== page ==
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Hockey closer to having first openly gay player

Hockey closer to having first openly gay player

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Hockey closer to having first openly gay player

For less than a year, Philadelphia Flyers scout Patrick Burke, son of Leafs GM Brian Burke and brother of the late Brendan Burke, has been working with professional hockey players on the You Can Play Project, founded in Brendan’s memory and tasked to ensure equality, respect and safety for all athletes, without regard to sexual orientation. Yet he’s already convinced the hockey world will have its first openly gay professional player in the very near future.

“Within the next two years, I predict we’ll have an openly gay National Hockey League player,” Patrick Burke said. “That is my personal belief and numerous people, including people within the charity, disagree with me completely. It’s my opinion only, but I think I’m right.

“I think our athletes have made it clear they support their teammates. I think management has made it clear through their support of You Can Play. I think fans have made it clear. I think the commissioner has made it clear. I think the league office has made it clear. Everyone knows now the NHL is on board. I believe players will take a little while and make sure we’re not going anywhere, that YCP and the Burke family are here to stay, and within the next couple years they’ll know that this is a league in which they can come out and still play.”

San Jose Sharks center Tommy Wingels and Phoenix Coyotes minor-leaguer Andy Miele were the first two professional players to throw their support behind the YCP project, created in the wake of Brendan Burke’s tragic death in February of 2010 and meant as a celebration of his bravery in revealing he was gay and campaigning for increased tolerance in the hockey world. However, virtually all corners of the NHL have endorsed Patrick Burke’s vision of a game open to anyone who loves it enough to play; stars such as Claude Giroux, Zdeno Chara, Rick Nash, Matt Moulson, Joffrey Lupul, Duncan Keith and Jason Pominville all have lent their voice to the YCP brand.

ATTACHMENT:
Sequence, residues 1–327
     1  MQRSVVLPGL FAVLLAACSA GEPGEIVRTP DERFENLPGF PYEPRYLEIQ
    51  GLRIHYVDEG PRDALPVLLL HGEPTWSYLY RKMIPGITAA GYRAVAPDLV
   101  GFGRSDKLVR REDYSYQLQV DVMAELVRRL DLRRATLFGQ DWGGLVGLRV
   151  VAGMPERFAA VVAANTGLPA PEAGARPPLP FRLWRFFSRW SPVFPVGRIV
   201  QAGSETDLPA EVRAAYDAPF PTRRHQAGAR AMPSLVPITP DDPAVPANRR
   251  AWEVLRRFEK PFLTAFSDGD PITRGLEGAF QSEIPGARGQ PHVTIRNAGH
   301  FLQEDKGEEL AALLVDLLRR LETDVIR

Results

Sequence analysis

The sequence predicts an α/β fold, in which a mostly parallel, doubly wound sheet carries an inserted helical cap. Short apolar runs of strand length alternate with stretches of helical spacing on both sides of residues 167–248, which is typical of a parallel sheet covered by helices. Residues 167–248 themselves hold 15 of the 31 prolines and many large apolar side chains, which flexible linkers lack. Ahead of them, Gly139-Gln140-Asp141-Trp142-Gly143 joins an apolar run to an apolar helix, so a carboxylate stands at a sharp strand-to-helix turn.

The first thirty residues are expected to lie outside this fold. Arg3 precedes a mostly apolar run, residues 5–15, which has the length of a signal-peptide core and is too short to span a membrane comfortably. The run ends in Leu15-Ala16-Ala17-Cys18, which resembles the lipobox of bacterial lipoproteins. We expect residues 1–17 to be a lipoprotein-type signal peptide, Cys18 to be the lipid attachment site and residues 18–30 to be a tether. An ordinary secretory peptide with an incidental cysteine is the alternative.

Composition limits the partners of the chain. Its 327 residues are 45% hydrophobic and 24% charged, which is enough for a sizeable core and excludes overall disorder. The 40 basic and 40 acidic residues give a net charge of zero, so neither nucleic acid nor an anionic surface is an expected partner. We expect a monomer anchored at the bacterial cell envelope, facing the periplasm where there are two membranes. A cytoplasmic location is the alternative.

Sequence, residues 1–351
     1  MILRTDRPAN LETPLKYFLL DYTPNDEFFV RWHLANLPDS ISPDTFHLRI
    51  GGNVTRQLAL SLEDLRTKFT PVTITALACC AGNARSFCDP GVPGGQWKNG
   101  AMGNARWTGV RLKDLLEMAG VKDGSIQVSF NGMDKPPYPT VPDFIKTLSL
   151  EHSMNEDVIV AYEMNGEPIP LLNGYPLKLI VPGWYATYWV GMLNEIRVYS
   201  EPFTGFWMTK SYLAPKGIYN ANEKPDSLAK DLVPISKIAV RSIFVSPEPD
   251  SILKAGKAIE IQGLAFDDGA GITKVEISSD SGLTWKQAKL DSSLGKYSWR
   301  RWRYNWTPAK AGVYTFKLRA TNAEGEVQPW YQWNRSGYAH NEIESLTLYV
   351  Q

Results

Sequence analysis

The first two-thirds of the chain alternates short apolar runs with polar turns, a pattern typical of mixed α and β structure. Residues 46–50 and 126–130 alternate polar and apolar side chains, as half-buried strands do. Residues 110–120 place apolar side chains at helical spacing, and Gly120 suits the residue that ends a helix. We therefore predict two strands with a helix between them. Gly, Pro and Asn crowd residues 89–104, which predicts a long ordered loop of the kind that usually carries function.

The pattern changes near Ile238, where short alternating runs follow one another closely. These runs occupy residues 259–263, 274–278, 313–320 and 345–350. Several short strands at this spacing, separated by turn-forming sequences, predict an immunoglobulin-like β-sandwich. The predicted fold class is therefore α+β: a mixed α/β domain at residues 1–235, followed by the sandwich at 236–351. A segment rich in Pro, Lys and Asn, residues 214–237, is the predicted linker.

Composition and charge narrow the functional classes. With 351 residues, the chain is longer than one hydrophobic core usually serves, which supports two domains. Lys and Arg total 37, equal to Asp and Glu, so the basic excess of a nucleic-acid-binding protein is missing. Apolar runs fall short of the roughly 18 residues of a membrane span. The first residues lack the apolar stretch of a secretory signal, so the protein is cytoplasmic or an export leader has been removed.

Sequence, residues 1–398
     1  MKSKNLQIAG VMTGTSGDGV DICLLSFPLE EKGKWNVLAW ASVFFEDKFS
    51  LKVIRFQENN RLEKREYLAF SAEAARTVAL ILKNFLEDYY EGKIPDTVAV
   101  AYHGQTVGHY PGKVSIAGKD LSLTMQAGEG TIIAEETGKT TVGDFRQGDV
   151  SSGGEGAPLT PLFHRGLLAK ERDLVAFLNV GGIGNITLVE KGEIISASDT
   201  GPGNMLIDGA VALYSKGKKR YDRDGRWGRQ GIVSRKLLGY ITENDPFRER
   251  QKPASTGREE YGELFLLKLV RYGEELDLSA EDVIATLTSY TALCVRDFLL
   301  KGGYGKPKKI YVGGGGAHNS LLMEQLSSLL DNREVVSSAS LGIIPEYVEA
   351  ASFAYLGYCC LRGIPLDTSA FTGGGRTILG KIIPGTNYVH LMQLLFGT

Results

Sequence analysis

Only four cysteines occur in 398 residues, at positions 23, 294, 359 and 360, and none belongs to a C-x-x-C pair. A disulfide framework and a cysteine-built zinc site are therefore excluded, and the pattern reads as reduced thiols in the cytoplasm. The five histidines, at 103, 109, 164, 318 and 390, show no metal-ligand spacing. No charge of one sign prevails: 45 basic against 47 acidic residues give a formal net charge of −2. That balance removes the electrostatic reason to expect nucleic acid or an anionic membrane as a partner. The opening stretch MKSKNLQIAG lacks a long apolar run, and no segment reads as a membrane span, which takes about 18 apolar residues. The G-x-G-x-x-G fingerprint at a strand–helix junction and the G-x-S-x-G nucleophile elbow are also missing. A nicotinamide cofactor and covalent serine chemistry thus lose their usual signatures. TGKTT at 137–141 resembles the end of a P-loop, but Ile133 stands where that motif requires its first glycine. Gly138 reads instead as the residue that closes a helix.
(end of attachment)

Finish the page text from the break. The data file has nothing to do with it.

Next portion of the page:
It is, Patrick Burke said, a huge tribute to Brendan’s memory and the men who excel at the sport he loved.

“In one sense, it’s almost what I expected, because I know how great the hockey community is,” Patrick Burke said. “So I really believed we’d be supported. But to say I expected this level of support and this amount of players to go above and beyond and reach out to us, no, I never could’ve predicted this.”

Some might still argue that someone’s sexual orientation shouldn’t be up for public discussion. But Patrick Burke realizes the value of speaking out is ensuring athletes remain in the sport when, in an era before this, they might have faced homophobic slurs and been driven away from the game.

“People say we don’t need to talk about this or bring light to the issue – basically, ‘who cares?’ And in a sense, we agree. We don’t care. Our policy is, if a player on the Flyers came out tomorrow and I could improve our team by cutting him, I’d cut him immediately. So we don’t care in that regard. But when you look at the culture that exists, it needs changing.”

Ultimately, Burke said, the game will be better served when people understand there is no single person, player or attitude that defines the sport. If you love hockey, the You Can Play project, Patrick Burke and his family intend on making damn certain the game loves you back.

“There’s a sense there’s a right way to be a hockey player," Burke said. "Historically that has had an effect on Europeans and even now the hockey world is debating whether you should take a Russian player first overall. The idea is there’s a right way to be a hockey player and that’s definitely not true.”

Adam Proteau is writer and columnist for The Hockey News and a regular contributor to THN.com. His Power Rankings appear Mondays, his column appears Thursdays and his Ask Adam feature Fridays.

For more great profiles, news and views from the world of hockey, subscribe to The Hockey News magazine.

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